Not every insect is a pest.
Honey bees – especially those cultivated by professional beekeepers – are quite possibly the most crucial insect species we have. There’s more to it than just the honey, too. According to the USDA, approximately one-third of our diet is made up of crops that are pollinated by bees. Many plants would not produce vegetables and fruit if it were not for the work done by honey bees.
Unless there is a hive or colony located near pets or people, it’s best to leave well enough alone and let the honey bees do their thing. If you discover a hive in a spot that is troubling, a reliable exterminator can remove the colony or, in some instances, move it to a safer place.
With all that said, however, there are instances when bees can be a serious threat. “Killer” bees are not only a myth – they’re a real phenomenon known as Africanized honey bees.
It is a process that happens after a new queen is now an adult and a part of the old colony leaves to create a new hive somewhere else.
That is where the threat comes in. One bee sting, except in the rare case of a severe allergic response, isn’t dangerous. A dozen can send you to the emergency room. Because Africanized bees swarm in greater numbers and are typically a lot more aggressive than ordinary honey bees, AHB swarms can easily inflict 100 or more bites in a frighteningly short time period.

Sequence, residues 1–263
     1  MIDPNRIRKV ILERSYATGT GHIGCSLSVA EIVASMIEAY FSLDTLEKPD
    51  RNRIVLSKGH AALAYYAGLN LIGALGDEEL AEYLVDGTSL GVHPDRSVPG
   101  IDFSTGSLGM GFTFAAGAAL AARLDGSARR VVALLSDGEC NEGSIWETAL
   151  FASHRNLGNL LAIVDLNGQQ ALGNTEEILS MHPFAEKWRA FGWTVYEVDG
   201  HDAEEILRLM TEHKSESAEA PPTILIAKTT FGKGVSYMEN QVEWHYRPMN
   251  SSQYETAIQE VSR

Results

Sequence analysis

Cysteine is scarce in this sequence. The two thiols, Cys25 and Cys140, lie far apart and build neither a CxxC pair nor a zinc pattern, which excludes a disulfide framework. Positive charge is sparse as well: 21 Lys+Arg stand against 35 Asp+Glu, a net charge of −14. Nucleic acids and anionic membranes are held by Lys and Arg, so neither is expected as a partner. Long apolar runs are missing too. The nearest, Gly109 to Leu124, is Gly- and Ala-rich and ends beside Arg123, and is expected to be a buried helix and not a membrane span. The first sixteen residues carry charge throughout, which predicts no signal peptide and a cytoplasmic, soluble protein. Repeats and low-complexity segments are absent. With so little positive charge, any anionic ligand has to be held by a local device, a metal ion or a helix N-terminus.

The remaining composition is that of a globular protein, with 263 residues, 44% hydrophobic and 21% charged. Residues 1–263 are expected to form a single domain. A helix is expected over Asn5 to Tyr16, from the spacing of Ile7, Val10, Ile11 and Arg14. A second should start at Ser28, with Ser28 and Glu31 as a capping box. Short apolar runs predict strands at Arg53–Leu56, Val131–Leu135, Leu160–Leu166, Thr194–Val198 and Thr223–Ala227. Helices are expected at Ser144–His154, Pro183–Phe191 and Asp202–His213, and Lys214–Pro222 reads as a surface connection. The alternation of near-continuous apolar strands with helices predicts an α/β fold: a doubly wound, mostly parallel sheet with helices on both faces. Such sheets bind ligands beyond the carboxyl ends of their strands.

Even when they aren’t swarming, AHBs are more hostile when it comes to protecting their dwelling. They actively guard their hives and, while they don’t randomly attack humans and creatures they encounter when gathering pollen, Africanized bees will attempt to bite”invaders” who come within as much as 100 feet of their colony. Regular honey bees rarely sting people who wander up to within 15 feet of their house, and even then they often won’t attack unless the hive itself is disturbed.
So how can you tell a standard honey bee and its hive from one that’s Africanized? You can not, which amplifies the danger. It has only been lately that federal and state officials have added Arkansas and Oklahoma to the list of areas that AHBs now inhabit. They were found in southeastern Oklahoma and southwestern Arkansas in 2005, but they have steadily moved into wider areas of both states.
Today, you should think about any bee and its colony to be Africanized, merely to be on the safe side. If you see a hive, move away quickly and get a reliable pest management agency and your local county extension office. If you are stung, RUN and don’t stop running until you are safely indoors or in another enclosure, like your car.